May 22, 2008


   Home Page

 News & Features


 Columns & Opinions

   Publisher's Note





 Pop Culture



   Video Games
   CD Reviews




   Grazing Guide



   Music Roundup

   Live Music/DJs

   MP3 & Podcasts





 Find A Hippo




   View Classified Ads

   Place a Classified Ad




 Contact Us

   Hippo Staff

   How to Reach The Hippo

 Past Issues

   Browse by Cover

Young @ Heart (PG)
Septuagenarians — as well as some sexis-, octis- and at least one nona — sing the heck out of a quirky mix tape of rock tunes in Young @ Heart, a sweet, fun, funny, touching and, dare I say it, inspiring documentary about the senior citizen musical performers in the Young @ Heart Chorus.

When we first meet these crazy rock kids (the median age seems to be somewhere in the 70s), the Young @ Heart Chorus is already internationally famous and as beloved in their home in Northampton, Mass., as oh, I don’t know if saying “as The Beatles were in Liverpool” or “U2 is in Ireland” really brings home the extent to which this group is absolutely adored. As the documentarian Stephen Walker and we the audience spend time with the singers, we start to understand why. The idea of having fogeys (who themselves seem to mostly like classical music and 1940s and 1950s musicals) sing songs by Talking Heads and The Clash might seem gimmicky, but the novelty wears away to reveal some creative choral arrangements (who knew Sonic Youth’s “Schizophrenia” was so beautiful?) and covers that pack significant emotional heft (a deep-voiced member named Fred Knittle gives Coldplay’s “Fix You” a raw power similar to Johnny Cash’s cover of “Hurt” — like that but more powerful, if such a thing can be imagined). We get to know the members — like perky Eileen Hall, who is in her nineties and clearly loves flirting with the camera crew, and Dora Morrow, who seems ever ready to dance and who, like many in the group, trips over all the “can”s in Allen Toussaint’s “Yes We Can Can,” one of the handful of new songs the chorus is learning for their next tour. A big show in Northampton is the capper to the seven weeks the film follows the group as they try to crack those new songs. In between rehearsals where director Bob Cilman all but tears out his hair trying to get the singers to remember all the “can”s and when to chime in for their solos, we get to know the chorus members and their families, learning how they got involved in the group (many had no prior singing experience outside of maybe their church choirs) and what Young @ Heart means to them.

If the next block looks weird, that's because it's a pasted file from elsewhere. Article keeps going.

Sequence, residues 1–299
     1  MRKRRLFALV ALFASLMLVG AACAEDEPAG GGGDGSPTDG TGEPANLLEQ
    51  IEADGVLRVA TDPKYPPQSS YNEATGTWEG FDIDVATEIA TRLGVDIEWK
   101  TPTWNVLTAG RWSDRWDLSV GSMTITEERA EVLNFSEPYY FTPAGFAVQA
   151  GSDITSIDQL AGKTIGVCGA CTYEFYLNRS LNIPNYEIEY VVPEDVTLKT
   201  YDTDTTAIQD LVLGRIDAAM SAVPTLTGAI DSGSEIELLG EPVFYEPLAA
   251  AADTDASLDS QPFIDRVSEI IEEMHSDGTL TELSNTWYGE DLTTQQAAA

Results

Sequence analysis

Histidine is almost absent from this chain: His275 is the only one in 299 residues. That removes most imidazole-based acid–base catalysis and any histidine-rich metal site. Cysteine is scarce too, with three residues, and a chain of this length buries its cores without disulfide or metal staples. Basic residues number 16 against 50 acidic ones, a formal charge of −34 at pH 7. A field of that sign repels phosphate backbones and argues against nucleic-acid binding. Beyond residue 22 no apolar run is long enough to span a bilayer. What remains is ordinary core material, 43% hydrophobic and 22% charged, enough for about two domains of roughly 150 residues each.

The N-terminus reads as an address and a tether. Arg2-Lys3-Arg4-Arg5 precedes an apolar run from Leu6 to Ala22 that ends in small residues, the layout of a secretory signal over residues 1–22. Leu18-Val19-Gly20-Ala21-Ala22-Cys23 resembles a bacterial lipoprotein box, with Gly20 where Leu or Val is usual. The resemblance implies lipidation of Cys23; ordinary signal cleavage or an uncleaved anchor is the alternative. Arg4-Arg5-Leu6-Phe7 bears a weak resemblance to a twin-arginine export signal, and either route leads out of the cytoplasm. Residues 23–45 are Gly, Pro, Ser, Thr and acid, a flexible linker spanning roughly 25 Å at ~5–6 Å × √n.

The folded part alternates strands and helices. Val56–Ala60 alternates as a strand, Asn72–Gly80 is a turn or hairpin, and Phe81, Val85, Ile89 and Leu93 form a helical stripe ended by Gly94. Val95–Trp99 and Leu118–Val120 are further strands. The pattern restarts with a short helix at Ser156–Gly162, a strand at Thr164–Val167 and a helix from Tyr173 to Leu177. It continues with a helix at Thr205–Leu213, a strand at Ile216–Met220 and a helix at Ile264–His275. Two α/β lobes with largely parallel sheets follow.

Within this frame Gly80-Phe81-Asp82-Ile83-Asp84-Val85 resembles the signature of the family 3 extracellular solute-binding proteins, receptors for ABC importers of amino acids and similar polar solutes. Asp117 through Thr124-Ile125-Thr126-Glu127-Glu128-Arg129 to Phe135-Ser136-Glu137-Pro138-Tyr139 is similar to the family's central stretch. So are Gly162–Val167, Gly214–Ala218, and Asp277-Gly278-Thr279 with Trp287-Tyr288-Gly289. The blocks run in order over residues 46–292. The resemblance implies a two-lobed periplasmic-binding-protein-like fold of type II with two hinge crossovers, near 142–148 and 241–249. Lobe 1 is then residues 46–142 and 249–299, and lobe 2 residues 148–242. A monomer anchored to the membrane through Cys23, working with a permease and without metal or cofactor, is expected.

And, of course, what the group means to its members is what makes the chorus so much bigger than its “elder rock” premise and what allows it to radiate that specialness out to the audience. For these retirees (at least one of whom lives in an assisted living facility), the group is a way to stay connected to life, to not just pass the days but to spend their time doing something that is fun and meaningful to them. (And even spread that meaning around — as we see in a scene where Young @ Heart performs for men at a jail, men who during a cover of Bob Dylan’s “Forever Young” seem to go to pains with sunglasses and hard blinks not to lose it in front of their fellow inmates.) They have a social network, they work together on common and sometimes difficult goals, they have achievements, they have setbacks — in short, they keep on living.

They keep on living up right up until they don’t. The Young @ Heart Chorus does not have any of the same members it started with in 1982, according to the group’s Web site. Even the group’s good spirit and sunny attitude toward life does not stop time — a fact that the movie makes evident. But the Young @ Heart crowd seems to have a healthy approach to the end of life. By continuing to make the most of the time they have left, we get a sense that the group has added a richness and a fullness to how they view their lives. When asked about their own deaths, many of the members voice a kind of plucky “the show must go on, that’s how I’d want it” attitude that seems to be a symptom of their overall optimism.

And we hear this wisdom- and acceptance-rich approach to life come out in the songs. The group’s older voices bring added layers to everything, making music and, even the most punk of punk rock, seem less about rebellious youth and more about an ageless desire to wring happiness out of everything. And with an emotional rich song like “Fix You,” which becomes about so much more than Chris Martin could have possibly… what? No, shut up, it’s just something in my eyes, dust, or something. That hanky? It’s for my allergies. But if someone did shed a tear or two, Young @ Heart makes sure it’s an honest, almost joyful moment. B+

Rated PG for some mild language and thematic elements. Directed by Stephen Walker, Young @ Heart is an hour and 48 minutes long and is distributed in limited release by Fox Searchlight. The movie is scheduled to open Friday, May 23, at Red River Theatres and Wilton Town Hall Theater.